“There is so much hate, so much contempt inside people,” Floyd Patterson once said, “that they hire prizefighters to do their hating for them.”
What occasioned these remarks was a merciless and hateful beating at the hands of Muhammad Ali, whom Patterson had made a point of calling Cassius Clay.
“What’s my name?” asked Ali, who exceeded Patterson by at least 15 pounds on the scales and nine inches in reach. Each question seemed to elicit a new volley of jabs and slashing right hands. “What’s my name?”
Ali tried his best to prolong Patterson’s agony and humiliation. But, finally, the bout was stopped in the 12th round. That was November, 1965.
And now, 46 years later, with the news that Joe Frazier has died at 67 of liver cancer, I find myself sorting through the makeshift boxing library on my shelves. The Patterson quote about fighters being proxies for haters — never more true than when Frazier fought Ali — is found on page 62 of Mark Kram’s masterful “Ghosts of Manila.” Even more striking, however, is Frazier’s own 1996 autobiography, “Smokin’ Joe,” in which he refuses to call Muhammad Ali anything but Cassius Clay.
To read Kram’s book is to understand Frazier’s own hate. Ali made him more famous than Frazier could have dreamed growing up as he did, one of 12 kids on a plantation in South Carolina. At 16, he was working in a Philadelphia slaughterhouse, an apprentice prizefighter under the tutelage of the great Yank Durham. Frazier won the heavyweight title in 1968, a year after Ali was stripped by the New York State Athletic Commission of his, that for his famously courageous declaration “I ain’t got nothing against them Vietcong.”
The standard image of Ali is one of relentless braggadocio. But Frazier saw another side, an exiled champion fearful and fretting.
“You’ll be back,” said Frazier. “Better than ever.”
“Joe, you the big man now,” said Ali. “You gotta keep my name out there.”
And he did. From “Ghosts,” page 26: “Frazier lobbied the press, Commission people, and rallied some old champs like Joe Louis, who was unsympathetic to Ali, largely because of his black nationalism, his loud presentation of self and his evasion of the military.”
In return, by the time of their first fight, the sharecroppers’ son found himself cast as the White Man’s Champion, which is to say, a proxy for white hatred. But also, unwittingly and tragically, a target for black hatred, too. Ali called him ignorant, compared him to a gorilla, and labeled his supporters Uncle Toms.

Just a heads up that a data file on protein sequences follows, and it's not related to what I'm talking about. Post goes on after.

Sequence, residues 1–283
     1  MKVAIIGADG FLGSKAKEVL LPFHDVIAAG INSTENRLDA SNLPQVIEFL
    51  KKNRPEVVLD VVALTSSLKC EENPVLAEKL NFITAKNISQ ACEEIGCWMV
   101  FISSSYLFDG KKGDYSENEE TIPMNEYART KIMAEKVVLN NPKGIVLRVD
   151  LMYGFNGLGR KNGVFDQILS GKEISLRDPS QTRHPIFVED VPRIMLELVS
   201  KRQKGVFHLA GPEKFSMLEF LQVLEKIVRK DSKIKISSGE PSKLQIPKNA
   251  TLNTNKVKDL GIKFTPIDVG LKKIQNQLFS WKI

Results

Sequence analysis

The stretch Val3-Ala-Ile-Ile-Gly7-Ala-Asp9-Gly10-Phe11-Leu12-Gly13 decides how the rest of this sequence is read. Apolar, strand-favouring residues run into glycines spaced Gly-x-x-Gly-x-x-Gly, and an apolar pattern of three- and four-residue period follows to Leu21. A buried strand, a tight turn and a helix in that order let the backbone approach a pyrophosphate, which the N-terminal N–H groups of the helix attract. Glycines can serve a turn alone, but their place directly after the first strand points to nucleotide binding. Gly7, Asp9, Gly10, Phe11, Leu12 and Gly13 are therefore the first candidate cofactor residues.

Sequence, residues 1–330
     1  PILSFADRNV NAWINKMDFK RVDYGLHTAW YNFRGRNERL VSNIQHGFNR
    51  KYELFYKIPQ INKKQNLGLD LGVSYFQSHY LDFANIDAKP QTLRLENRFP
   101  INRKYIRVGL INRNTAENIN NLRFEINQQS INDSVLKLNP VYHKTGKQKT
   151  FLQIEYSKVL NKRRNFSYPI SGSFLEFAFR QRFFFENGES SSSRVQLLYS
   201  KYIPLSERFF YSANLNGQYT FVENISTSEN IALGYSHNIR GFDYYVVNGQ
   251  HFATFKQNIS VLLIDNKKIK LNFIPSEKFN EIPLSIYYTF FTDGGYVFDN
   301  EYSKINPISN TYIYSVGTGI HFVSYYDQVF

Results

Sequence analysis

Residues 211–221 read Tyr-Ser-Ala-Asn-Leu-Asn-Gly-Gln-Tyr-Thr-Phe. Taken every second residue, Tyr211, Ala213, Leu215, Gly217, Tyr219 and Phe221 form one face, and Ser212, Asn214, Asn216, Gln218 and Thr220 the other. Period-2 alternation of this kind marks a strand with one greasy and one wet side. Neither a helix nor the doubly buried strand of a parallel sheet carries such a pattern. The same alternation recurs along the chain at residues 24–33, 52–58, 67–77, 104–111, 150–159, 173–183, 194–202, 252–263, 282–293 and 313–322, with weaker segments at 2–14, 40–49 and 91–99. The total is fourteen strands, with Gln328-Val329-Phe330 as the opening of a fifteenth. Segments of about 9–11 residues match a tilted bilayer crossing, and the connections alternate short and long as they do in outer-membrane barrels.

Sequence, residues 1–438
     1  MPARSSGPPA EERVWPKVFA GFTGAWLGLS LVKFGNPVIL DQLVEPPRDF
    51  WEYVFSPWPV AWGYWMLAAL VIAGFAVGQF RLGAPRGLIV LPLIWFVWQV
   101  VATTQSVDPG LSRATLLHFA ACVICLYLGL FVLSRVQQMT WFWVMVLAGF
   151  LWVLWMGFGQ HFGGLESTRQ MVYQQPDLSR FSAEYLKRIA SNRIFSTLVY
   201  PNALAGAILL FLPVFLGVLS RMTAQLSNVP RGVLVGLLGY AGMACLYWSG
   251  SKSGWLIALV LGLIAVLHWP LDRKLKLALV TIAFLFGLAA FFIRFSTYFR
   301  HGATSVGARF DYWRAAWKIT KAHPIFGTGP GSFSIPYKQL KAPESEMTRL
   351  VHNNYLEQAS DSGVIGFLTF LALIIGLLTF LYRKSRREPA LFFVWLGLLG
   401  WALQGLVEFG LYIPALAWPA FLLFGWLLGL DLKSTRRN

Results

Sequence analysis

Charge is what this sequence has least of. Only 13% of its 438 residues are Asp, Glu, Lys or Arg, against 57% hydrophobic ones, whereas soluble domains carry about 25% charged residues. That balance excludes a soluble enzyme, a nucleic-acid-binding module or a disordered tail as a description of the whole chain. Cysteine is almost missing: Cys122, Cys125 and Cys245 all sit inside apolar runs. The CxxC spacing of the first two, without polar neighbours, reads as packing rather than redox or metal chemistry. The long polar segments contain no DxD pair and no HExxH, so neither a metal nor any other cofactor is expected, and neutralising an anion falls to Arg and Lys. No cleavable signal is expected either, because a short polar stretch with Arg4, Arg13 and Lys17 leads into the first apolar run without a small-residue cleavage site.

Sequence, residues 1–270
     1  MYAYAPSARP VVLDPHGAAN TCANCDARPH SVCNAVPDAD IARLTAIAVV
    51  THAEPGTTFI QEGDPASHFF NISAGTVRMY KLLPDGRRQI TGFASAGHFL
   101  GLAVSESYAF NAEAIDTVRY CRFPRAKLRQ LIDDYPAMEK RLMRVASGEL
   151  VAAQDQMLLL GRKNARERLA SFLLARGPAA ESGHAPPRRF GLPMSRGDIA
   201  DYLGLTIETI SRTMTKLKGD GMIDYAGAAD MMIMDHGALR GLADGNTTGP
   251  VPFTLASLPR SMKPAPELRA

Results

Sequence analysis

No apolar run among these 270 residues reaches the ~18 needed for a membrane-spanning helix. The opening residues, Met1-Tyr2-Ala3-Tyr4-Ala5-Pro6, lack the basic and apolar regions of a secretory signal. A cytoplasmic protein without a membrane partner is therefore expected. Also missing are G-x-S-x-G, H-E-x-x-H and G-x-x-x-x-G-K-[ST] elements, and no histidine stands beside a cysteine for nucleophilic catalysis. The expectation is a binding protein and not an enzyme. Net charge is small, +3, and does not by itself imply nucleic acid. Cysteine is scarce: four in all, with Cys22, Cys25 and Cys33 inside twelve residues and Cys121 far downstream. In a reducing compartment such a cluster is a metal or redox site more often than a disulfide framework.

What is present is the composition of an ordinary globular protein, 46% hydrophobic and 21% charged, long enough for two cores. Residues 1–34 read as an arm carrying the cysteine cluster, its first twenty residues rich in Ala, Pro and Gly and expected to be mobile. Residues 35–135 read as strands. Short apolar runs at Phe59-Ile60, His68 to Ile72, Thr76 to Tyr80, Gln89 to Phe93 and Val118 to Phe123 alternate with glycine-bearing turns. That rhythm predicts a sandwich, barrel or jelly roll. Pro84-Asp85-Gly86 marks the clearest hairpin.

It was billed as the “Fight of the Century,” and I remember, as an 8-year-old living just a few blocks from Madison Square Garden, the inescapable sense that the venue itself was being transformed, that tribes of adults would be settling their scores vicariously on March 8, 1971. The fighters themselves were physical archetypes. Ali was the first-of-a-kind, so lean and long and fast. On the other hand, Frazier — not much bigger than Patterson — was familiar; the crouching, stalking, left-hooker.
As it happened, it was a thunderous left hook that dropped Ali in the 15th round, enabling Frazier to win by unanimous decision. But the shot to Ali’s jaw seemed less improbable than Frazier’s expectation — that it would somehow silence the critics and gentle his condition with the haters, both white and black.
How naïve. The rivalry would endure two more fights — another 26 rounds, the last 14 of which are known as the “Thrilla in Manila,” fought in October 1975. Twenty years later, I remember Eddie Futch, who became Frazier’s head trainer after Durham’s death, still narrating the end of that fight: “By the 11th round, Frazier’s left eye started getting real big. By the 12th, it was half closed. . . . In the 13th, Ali hit him with a right hand, knocked Joe’s mouthpiece about six rows into the seats. The eye was shut, but I figured I’d let him go out for the 14th. He couldn’t see from the eye, but he still had his strength.”
Strength wasn’t enough, though. When the round was over, Futch told the ref his man was done. Then he went back to his fighter’s corner. “Fight’s over, Joe.”
Frazier stood to protest. Futch, the slight old trainer, put a hand on his shoulder. “Sit down, Joe.”
You know Frazier would’ve gladly traded his eye to fight that 15th round.
“The closest you can be to death.” That’s how Ali described Manila.
But only death is death. And now it comes to Joe Frazier. There’s a reason everybody knows his name. And there’s a reason to hope he’s been liberated — not from Muhammad Ali, but from the hate.